Working in Central Bangkok
Monthly Earnings 53,000 - 65,000
Q1. How is that income broken down? (full-time salary, private students, on-line teaching, extra work, etc)
My standard monthly salary is 53,000. During term time I also teach 'after school' lessons (during school hours) which make me another 8-12K a month.
Q2. How much money can you save each month?
I'm more than happy living a 'Thai lifestyle', eating street food and enjoying a simple day to day life. My rent, bills and monthly expenses are low, and I *could* comfortably save half of my salary each month. That's not to say I have. Since 2015 I have traveled extensively, visiting almost all Asian countries. I've had the most amazing four and a half years and wouldn't change it for the world, but it has come at a cost of having almost no savings.
Q3. How much do you pay for your accommodation and what do you live in exactly (house, apartment, condo)?
I pay 10,000 baht for a fairly modern studio apartment with amazing views overlooking Sukhumvit. The condo has a swimming pool, decent gym and a sauna.
Q4. What do you spend a month on the following things?
I own a motorcycle and use it to ride to work, as well as the odd trip to the shopping malls. I spend approximately 100 baht every two weeks on fuel.
Government rates electricity 800 - 1,500 a month.
Internet and phone contract - 800 baht
Water - 50 baht
Food - both restaurants and supermarket shopping
I much prefer Thai food to Western food and most of the time I'm happy eating 50 baht street food, so food expenses are fairly low.
Nightlife and drinking
I find drinking in bars to be more expensive than back home in the UK. Fortunately I rarely drink these days, and will only drink in bars if there is a special sports occasion.
Maximum 2,000 baht a month.
Maximum 1,000 baht a month.
Q5. How would you summarize your standard of living in one sentence?
I often hear expats moaning about living in Thailand, but apart from the pollution in Bangkok I can't find many complaints. I love it. My standard of living is far better than it was back in the UK.
Q6. What do you consider to be a real 'bargain' here?
If booked in advance, air fares to other countries in Asia.
Q7. In your opinion, how much money does anyone need to earn here in order to survive?
If you're a single guy with no dependents and you're happy to live a simple life, I'd say 40,000 baht is enough to live a relatively comfortable life in Bangkok. Of course you would have to prioritize what to spend your money on, as it wouldn't allow for a nice condo, travel, regularly eating out and other luxuries - and certainly not savings for the future.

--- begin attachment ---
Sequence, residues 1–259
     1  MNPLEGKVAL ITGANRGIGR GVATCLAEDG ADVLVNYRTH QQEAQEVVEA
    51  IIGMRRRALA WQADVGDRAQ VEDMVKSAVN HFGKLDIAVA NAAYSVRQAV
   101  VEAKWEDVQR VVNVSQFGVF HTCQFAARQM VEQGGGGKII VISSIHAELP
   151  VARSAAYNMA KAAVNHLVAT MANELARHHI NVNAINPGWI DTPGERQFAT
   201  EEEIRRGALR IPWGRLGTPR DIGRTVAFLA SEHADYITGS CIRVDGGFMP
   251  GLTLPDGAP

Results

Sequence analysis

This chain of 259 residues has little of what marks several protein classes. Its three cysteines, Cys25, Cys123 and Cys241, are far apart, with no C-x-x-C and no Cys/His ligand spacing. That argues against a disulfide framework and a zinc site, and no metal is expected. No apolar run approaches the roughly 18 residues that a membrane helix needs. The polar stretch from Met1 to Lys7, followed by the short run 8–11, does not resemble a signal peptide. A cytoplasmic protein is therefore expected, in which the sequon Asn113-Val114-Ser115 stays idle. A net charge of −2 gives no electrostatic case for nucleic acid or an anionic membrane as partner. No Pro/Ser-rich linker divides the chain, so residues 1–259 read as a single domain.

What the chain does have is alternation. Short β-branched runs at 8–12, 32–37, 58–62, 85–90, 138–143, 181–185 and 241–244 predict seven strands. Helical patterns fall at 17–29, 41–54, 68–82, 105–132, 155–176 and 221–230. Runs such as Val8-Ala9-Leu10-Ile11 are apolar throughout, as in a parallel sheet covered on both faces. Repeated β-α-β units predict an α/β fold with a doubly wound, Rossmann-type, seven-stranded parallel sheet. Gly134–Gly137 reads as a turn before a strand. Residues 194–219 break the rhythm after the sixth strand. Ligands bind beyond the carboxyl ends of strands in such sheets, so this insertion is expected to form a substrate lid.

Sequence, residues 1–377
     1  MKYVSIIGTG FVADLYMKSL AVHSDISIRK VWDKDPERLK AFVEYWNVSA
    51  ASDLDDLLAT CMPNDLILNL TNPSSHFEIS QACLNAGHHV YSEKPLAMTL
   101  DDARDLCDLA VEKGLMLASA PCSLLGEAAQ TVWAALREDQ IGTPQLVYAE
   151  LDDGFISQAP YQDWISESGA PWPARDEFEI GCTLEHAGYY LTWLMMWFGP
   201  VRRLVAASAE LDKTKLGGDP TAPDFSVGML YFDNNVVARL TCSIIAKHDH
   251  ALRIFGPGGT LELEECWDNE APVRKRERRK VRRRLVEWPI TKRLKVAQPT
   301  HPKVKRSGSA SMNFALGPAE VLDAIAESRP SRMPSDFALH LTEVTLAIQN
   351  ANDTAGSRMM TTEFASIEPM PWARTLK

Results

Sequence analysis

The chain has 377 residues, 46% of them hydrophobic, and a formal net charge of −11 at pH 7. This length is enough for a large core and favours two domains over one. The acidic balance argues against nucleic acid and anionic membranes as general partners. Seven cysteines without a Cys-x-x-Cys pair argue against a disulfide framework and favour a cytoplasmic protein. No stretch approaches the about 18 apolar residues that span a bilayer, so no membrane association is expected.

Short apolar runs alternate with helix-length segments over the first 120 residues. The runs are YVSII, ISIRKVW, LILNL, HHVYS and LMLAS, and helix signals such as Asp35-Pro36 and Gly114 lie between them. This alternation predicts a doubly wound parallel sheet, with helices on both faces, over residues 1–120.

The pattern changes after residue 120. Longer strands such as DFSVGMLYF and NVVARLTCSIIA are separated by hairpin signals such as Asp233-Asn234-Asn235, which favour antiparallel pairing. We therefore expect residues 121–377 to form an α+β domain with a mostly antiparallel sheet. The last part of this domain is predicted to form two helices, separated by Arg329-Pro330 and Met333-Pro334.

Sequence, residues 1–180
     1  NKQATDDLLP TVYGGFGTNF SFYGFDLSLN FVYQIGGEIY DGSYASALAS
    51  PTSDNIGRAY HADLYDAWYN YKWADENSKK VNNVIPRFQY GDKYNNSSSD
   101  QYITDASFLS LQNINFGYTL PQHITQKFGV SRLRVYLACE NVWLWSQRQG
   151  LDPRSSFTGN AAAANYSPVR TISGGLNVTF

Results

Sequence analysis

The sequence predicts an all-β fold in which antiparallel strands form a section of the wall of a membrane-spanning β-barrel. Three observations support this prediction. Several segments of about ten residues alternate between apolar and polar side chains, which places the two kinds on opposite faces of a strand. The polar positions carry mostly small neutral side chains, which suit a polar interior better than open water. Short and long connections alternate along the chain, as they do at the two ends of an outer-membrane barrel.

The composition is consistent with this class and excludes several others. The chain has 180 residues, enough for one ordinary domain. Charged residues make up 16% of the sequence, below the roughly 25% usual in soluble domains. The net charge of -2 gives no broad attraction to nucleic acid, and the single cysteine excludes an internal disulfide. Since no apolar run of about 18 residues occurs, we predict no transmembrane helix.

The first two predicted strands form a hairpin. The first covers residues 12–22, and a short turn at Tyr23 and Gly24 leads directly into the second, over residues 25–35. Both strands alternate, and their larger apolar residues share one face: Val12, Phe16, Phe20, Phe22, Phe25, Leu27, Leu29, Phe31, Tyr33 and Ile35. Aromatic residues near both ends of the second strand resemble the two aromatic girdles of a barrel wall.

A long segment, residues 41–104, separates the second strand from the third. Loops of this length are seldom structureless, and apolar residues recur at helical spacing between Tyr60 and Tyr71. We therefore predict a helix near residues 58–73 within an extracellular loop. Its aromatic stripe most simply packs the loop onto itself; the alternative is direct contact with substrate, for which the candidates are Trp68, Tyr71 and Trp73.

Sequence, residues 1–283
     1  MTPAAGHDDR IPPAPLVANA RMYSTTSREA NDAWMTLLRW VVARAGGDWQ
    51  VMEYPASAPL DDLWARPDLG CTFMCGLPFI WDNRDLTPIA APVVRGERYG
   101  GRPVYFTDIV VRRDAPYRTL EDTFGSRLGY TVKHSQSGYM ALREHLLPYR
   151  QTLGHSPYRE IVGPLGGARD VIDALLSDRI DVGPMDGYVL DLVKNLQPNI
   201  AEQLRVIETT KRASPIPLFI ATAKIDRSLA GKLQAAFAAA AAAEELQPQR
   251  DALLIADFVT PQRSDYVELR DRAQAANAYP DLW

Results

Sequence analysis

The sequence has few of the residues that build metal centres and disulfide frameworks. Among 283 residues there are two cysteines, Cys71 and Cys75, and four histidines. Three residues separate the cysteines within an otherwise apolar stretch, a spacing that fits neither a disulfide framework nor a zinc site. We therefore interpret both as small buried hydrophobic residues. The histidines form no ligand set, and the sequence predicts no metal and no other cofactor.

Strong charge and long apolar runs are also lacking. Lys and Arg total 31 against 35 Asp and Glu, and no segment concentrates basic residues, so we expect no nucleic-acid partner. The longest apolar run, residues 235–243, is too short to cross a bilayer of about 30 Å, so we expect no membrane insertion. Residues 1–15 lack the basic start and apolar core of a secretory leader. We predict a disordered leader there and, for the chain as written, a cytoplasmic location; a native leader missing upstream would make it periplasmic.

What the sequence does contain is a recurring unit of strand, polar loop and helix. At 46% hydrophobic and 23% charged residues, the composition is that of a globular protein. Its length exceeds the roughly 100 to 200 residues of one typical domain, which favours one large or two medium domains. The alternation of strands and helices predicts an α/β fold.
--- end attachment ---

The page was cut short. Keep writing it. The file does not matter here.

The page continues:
My 'live for today' attitude, prioritizing travel over saving, will probably be seen as irresponsible by most, and I'd tend to agree. But do I regret it? Not really, as I've had the time of my life over the past four years, and you never know what the future holds.
That being said, having recently reached the big 30, I realise it would be a foolish move not to plan for the future. For this reason I am (reluctantly) returning home next year to gain my professional teaching qualifications, in order to return to Bangkok on a much higher salary. For a young guy 50-60k is fine, but I wouldn't want to live on that kind of salary for the rest of my working life.
Phil's analysis and comment
RJ, I'd love to introduce you to my sister-in-law because I think you would get on famously. She's probably a good few years older than you but she has travelled all over the world. If you tell a travel story, she's got a travel story to top it. Her mantra is 'spend life gathering experiences and creating memories you'll never forget. One day you will be too old to do these things. Don't worry about the future because it will generally take care of itself'
I suppose many cautious folks will see that attitude as reckless but I often think she has a point. I think it's great that you've done loads of travelling and seen so many places. They are memories no one can take away from you.
We're a long time dead!